Don’t stress out about stress fractures


By Daniel Skulavick - Contributing columnist



A stress fracture, also known as a fatigue-induced fracture, consists of one or more small cracks in the bone. It is associated with a pattern of overuse, commonly seen in the lower extremity in athletes.

Causes: Repetitive motion is one the mechanisms that result in a stress fracture. The muscles become fatigued and are unable to absorb ground force, which is transmitted to the bone. This overload results in stress fractures over a period. High impact sporting activities that result in this injury include: 1. Track and field activities, 2. Basketball, 3. Tennis, and 4. Gymnastics

Symptoms: The main symptom is pain in the extremities which worsens with activity and subsides with rest.

Diagnosis: A thorough history and medical examination should lead to the suspicion of an underlying stress fracture. As with any bone injury, the confirmatory diagnostic test is an X-ray. In some cases, a CAT scan or MRI is requested if the X-ray is not conclusive.

Treatment: The pain stimulus is the body’s natural mechanism to protect itself from severe self-inflicted injury. The rule of thumb for immediate treatment is:

• Rest

• Ice

• Compression

• Elevation

Rest (and limited weight bearing) is an important aspect of stress reduction on the bone and surrounding joints. Shoe inserts also help with shock absorption.

If something is tingling, numb or hurting, it is time to stop what you are doing and seek medical attention. If a stress fracture is ignored, the condition can get worse and escalate to a more serious injury. A stress fracture is an early sign of bone destruction, and it must be treated quickly and proactively. It is generally associated with dull, aching pain in a general area. As it progresses, the pain can escalate to sharp, piercing pain in a localized area. Ignoring a stress fracture will lead to further bone deterioration. This can result in long-term consequences ranging from increased recovery time to joint deformity.

If you are participating in ongoing, repetitive activity or a high impact sport, it is important to rest periodically from the task and do the following: Massage the limbs and joints, stretch the muscles, and relieve the pressure by reducing weight-bearing on the affected joints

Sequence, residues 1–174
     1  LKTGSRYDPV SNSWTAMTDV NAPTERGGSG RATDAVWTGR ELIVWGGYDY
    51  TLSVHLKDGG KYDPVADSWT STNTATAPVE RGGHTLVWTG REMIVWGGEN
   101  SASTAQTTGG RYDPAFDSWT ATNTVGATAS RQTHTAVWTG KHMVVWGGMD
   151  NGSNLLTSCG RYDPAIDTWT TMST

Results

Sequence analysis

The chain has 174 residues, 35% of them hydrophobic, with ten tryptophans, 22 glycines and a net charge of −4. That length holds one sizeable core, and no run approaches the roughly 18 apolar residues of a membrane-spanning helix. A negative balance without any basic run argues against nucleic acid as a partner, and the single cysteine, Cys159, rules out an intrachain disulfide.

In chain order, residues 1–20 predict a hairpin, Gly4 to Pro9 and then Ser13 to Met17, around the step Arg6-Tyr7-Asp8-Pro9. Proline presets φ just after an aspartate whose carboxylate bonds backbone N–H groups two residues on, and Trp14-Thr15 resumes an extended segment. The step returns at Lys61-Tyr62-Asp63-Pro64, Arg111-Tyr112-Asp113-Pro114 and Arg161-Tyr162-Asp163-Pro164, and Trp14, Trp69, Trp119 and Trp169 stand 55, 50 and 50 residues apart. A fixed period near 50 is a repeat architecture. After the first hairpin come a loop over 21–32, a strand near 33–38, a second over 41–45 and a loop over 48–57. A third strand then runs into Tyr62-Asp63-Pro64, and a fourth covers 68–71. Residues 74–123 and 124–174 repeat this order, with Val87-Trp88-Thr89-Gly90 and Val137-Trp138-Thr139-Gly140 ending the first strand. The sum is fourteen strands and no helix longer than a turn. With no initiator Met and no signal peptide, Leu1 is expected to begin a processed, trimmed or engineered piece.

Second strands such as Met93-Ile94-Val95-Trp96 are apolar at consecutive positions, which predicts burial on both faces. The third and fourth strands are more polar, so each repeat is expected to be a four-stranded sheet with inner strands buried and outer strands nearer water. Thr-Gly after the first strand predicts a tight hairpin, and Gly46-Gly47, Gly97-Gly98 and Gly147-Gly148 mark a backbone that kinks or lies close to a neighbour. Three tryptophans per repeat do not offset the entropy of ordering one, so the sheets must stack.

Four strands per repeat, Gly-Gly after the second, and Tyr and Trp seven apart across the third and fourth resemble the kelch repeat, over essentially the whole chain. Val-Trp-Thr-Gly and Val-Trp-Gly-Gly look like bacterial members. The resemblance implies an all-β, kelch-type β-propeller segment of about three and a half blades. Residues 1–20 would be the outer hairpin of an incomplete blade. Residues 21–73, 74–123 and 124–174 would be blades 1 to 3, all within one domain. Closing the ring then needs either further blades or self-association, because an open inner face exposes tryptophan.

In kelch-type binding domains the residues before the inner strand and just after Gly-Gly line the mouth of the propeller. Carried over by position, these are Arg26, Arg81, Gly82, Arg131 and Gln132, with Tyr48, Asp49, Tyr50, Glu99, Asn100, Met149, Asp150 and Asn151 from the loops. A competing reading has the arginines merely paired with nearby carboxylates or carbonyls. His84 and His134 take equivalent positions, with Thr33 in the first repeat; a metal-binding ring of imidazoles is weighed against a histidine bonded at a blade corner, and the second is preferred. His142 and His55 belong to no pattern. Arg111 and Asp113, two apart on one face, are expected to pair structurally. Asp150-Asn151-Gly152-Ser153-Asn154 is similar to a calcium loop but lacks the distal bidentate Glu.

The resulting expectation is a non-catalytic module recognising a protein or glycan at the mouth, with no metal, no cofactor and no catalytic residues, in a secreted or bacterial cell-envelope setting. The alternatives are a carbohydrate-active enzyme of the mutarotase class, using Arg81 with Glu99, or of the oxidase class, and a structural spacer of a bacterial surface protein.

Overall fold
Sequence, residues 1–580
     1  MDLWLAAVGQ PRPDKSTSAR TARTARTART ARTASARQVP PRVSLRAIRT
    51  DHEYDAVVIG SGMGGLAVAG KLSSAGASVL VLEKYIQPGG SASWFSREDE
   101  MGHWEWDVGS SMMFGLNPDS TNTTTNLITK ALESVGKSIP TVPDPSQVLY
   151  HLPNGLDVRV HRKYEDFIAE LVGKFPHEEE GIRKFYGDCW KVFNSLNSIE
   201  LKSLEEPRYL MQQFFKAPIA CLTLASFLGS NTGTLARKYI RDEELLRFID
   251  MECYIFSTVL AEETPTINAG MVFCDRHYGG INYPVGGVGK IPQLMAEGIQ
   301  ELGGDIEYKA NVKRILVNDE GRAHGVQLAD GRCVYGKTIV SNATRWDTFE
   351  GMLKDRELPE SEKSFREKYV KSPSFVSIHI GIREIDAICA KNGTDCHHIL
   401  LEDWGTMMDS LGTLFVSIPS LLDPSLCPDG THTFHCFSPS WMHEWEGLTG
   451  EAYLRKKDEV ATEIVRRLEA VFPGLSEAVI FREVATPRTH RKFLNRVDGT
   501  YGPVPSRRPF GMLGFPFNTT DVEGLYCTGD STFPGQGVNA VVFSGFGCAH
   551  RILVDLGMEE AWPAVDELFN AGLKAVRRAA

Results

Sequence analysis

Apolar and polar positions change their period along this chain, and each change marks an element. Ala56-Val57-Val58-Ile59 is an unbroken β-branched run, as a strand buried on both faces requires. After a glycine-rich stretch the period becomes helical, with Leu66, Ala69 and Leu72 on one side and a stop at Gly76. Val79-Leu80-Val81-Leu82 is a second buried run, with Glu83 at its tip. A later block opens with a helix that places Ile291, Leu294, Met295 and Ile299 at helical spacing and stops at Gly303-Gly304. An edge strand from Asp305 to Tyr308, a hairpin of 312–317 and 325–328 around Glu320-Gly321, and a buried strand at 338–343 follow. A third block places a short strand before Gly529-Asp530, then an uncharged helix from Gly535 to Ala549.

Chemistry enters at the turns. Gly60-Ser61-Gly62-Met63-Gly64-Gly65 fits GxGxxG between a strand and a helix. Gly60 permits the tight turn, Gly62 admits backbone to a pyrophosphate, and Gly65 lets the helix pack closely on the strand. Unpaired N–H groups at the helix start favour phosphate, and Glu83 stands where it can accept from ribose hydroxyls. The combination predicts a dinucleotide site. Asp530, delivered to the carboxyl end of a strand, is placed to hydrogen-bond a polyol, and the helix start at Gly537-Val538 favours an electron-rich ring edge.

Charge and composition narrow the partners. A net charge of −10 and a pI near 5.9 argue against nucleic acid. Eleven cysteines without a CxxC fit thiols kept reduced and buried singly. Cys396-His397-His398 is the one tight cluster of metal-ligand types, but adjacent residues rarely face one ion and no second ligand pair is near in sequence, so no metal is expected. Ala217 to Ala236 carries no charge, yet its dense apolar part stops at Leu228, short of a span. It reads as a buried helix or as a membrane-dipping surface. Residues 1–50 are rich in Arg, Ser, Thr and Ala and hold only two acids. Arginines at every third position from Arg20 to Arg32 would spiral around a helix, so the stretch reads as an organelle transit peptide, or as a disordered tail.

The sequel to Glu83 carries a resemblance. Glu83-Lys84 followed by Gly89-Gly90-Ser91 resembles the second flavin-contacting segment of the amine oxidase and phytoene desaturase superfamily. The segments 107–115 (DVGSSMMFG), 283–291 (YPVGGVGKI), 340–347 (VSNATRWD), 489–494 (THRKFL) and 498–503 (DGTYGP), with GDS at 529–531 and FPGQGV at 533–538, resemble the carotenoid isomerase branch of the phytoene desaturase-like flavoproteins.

Anti-inflammatory and analgesic medication can help with pain relief. A physician may recommend prescription medication for pain relief and refer patients to physical therapy.

Recovery from stress fractures is a gradual process. Bone fragments need time to heal. The primary objective of physical therapy during the healing process is to prevent further injury. Once the healing process is complete, it is even more important to seek the counsel of a physical therapist. The therapist will design an exercise program geared towards gradual, progressive recovery of full function of the bones, muscles, and joints. Physical therapy is an excellent choice for non-surgical treatment for mild to moderate cases of stress fractures. Some of the techniques used by physical therapists include:

• Cold compress to reduce swelling

• Strengthening the limbs and joints

• Bracing with splints to reduce load on the affected joints

• Ergonomically designed footwear

• Psychosocial rehabilitation for the professional athlete, looking for a speedy, successful and complete recovery

If you or someone you know has a recent stress fracture, give us a call. We’ll be sure to take the stress away.

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By Daniel Skulavick

Contributing columnist

Dr. Dan Skulavick is the physical therapist at Advanced Physical Therapy in the Food Lion Shopping Center.

Dr. Dan Skulavick is the physical therapist at Advanced Physical Therapy in the Food Lion Shopping Center.

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